Peter Abbarno Commentary: New State Payroll Tax? You're 'In' Unless You Opt Out


Beginning in January 2022, all Washington workers will pay 58 cents per $100 of their earnings to fund the Long-Term Care Trust Act (LTCTA). There is no limit to how much you will contribute to the LTCTA throughout your life; however, there is a limit to the benefits. 

You must opt-out and secure a comparable long-term care plan before Nov. 1, 2021.

For your contribution, you will receive up to $100 per day for a maximum lifetime benefit of $36,500 (adjusted annually). This benefit is available only for care provided in the state of Washington for Washington residents and is not transferable. 

If you plan to retire in sunny Arizona or Florida, you will lose your entire contribution into the system. 

If you plan to retire within the next 10 years, you will not receive a benefit for your contribution because you must work 500 hours per year for 10 years to be vested. Therefore, if you retire in 9-and-a-half years, you will lose your entire contribution into the system.

Self-employed people can choose to opt into the program between January 2022 and January 2025, or within three years of first becoming self-employed for the first time. Self-employed opt-ins are irrevocable.

I agree that long-term care planning is needed and often neglected. However, this is a very flawed program that provides little benefit with lots of restrictions. I know we can do better than this. The lack of portability, limited maximum benefit, disregard for workers within 10 years of retirement and lack of a hardship exception are just some of the reasons this new tax is bad policy. This is another one-size-fits-all scheme that places more burdens on families and businesses.


When can a vested individual use the benefits?

To utilize the benefits, vested individuals (people working 500 hours per year for 10 years) must reside in Washington and need assistance with a minimum of three of 10 Activities of Daily Living (ADLs): medication management, personal hygiene, eating, toileting, transferring, body care, bathing, ambulation/mobility, dressing and cognitive impairment. Individuals who meet these requirements may begin applying for benefits in January 2025.

How can the fund be used?

The funds can only pay for providers who are on a Department of Social and Health Services approved list for services. Funds can be spent on nursing facilities, residential settings like assisted living and adult family homes, professional caregiving like home health care, wheelchair ramps, emergency alert devices, medication reminders, Meals on Wheels, rides to doctor appointments, dementia education, caregiver support and care coordination. Family members may qualify to receive funds upon receiving 21 to 35 hours of formal training to care for beneficiaries.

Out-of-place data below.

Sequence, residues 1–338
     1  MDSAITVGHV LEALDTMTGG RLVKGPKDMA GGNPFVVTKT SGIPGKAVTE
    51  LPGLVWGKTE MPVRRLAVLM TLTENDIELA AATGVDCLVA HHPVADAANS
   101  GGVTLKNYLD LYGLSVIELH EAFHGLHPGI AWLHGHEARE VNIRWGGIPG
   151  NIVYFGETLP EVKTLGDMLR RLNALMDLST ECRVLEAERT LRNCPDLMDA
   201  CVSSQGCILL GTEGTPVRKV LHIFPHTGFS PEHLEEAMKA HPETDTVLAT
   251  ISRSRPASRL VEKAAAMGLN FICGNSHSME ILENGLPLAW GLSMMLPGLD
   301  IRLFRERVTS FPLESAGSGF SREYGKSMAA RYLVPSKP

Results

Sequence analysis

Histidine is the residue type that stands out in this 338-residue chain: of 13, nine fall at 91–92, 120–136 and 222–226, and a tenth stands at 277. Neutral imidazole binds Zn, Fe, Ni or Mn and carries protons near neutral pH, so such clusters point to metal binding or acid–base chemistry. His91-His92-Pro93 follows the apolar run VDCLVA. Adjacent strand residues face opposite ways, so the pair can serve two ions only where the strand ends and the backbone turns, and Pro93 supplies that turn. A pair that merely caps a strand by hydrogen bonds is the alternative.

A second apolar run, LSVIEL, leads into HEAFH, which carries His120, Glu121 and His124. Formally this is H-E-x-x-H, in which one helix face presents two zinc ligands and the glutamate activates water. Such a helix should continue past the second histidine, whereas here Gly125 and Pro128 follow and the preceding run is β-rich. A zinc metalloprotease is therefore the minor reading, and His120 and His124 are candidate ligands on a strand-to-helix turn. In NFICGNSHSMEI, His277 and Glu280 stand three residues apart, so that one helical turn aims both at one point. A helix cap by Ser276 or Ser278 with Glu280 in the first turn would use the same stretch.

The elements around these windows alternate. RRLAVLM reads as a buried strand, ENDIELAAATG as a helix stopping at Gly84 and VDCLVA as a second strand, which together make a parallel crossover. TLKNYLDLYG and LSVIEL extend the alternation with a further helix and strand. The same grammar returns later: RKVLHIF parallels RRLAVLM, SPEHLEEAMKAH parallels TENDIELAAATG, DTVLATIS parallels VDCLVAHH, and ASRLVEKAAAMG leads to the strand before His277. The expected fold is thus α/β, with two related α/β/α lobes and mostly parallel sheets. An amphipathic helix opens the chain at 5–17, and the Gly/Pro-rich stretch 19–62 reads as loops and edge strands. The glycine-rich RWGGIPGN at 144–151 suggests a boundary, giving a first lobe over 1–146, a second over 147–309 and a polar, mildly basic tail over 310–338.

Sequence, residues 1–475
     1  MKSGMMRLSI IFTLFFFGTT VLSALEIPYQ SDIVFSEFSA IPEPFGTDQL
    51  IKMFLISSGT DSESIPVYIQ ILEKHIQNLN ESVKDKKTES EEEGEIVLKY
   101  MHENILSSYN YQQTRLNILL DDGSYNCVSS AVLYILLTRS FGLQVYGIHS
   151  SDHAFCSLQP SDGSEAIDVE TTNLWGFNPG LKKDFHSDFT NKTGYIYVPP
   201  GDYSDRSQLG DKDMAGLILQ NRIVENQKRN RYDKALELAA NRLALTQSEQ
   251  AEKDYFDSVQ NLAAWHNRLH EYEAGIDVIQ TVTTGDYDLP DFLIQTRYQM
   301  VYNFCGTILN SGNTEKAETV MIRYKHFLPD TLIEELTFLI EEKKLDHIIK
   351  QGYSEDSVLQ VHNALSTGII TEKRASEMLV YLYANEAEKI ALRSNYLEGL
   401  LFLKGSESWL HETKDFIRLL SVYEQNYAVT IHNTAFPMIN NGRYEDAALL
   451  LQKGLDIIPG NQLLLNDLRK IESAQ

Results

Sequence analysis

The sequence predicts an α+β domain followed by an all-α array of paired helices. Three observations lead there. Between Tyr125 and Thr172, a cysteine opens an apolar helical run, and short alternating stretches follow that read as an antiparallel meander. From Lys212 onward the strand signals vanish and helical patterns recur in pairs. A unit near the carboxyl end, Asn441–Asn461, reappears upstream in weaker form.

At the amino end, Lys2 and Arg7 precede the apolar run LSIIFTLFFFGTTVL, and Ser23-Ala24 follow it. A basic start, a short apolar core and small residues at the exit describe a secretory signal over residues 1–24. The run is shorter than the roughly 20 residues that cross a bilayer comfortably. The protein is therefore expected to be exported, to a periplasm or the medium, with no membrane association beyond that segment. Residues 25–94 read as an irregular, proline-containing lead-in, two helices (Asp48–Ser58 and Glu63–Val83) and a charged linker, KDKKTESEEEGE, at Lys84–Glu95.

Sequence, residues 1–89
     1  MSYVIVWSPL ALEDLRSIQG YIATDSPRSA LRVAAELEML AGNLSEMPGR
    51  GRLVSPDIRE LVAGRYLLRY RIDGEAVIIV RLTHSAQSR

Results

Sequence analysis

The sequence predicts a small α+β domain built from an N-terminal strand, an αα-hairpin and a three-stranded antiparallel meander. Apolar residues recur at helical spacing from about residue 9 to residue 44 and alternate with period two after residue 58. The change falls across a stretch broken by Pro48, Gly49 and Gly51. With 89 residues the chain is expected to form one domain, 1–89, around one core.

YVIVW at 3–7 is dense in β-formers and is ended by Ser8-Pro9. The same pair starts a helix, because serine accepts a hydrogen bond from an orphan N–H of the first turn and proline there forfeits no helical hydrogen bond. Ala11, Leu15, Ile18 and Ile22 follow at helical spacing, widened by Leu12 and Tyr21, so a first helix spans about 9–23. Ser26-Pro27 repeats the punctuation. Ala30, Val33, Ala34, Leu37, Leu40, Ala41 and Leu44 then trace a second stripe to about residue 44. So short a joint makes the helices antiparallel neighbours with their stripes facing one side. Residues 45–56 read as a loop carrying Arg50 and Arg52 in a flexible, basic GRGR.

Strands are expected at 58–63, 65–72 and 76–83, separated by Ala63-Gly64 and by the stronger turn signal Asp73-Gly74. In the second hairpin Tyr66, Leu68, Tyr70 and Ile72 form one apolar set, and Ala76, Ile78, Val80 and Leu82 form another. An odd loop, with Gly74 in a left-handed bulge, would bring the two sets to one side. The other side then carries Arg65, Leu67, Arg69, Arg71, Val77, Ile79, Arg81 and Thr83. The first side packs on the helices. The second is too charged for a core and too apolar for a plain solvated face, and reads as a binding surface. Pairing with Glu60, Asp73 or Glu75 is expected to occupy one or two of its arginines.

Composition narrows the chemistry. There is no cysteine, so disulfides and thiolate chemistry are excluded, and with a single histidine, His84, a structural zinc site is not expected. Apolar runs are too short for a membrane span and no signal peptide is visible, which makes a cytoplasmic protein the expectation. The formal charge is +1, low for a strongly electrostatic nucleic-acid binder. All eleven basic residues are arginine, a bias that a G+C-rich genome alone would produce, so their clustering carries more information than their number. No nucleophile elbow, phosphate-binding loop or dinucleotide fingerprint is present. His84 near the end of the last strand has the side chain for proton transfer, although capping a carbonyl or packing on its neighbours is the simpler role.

Can you opt out of the fund?

Washington employees ages 18 years or older have a small window of time to permanently opt-out of the LTCTP and its career-spanning payroll tax. To opt out, employees must have purchased comparable long-term care insurance before Nov. 1, 2021.

Once a plan is purchased, employees must apply for an exemption from the program to the Employment Security Department (ESD) between Oct. 1, 2021, and Dec. 31, 2022. If ESD accepts the application, the individual is permanently exempt from the payroll tax and ineligible for future coverage from the Long-Term Care Trust Program. Once approved, employees must provide all current and future employers with notice of the exemption to maintain exemption from payroll tax.

Workers can secure long-term care insurance or add a rider to their life insurance policy through private companies that provide benefits equal or better than the state payroll tax funded program.


Is it constitutional?

Washington state’s constitution does not currently allow for graduated income taxes to be assessed by the state. According to Washington’s constitution “all taxes shall be uniform upon the same class of property within the territorial limits of the authority levying the tax and shall be levied and collected for public purposes only.” Some legislators call this a “premium assessment” and not a tax to circumvent the prohibition and only the income of W-2 employees is taxed, not the income of self-employed individuals.


How did we get here?

In 2019, the Legislature enacted HB 1087, the Long-Term Care Trust Act. This act was pushed by the governor's majority party as a response to the weak private long-term care insurance market at the time and the state’s high expenditures on long-term care through Medicaid.

In the 2021 session, the Legislature passed HB 1323 relating to the Trust Program, which I voted against. This legislation enacted a package of recommendations forwarded to the Legislature by the Trust Commission and moved up timelines for employees to opt out, set timelines for a self-employed individual to opt in and allowed tribes and individuals who were disabled before the age of 18 to qualify for the program.

I am speaking to small business owners and working families confused and concerned about this new regressive payroll tax.

People are scrambling to make sense of it and the opt-out deadline is approaching quickly. Unfortunately, agency “rules and regulations” governing the plan are still being developed. I encourage employers and employees to start planning and researching this issue to compare with private policies. If not, the decision will be made for you.

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State Rep. Peter Abbarno is a Republican from Centralia who represents the 20th Legislative District. He’s also an attorney and former member of the Centralia City Council.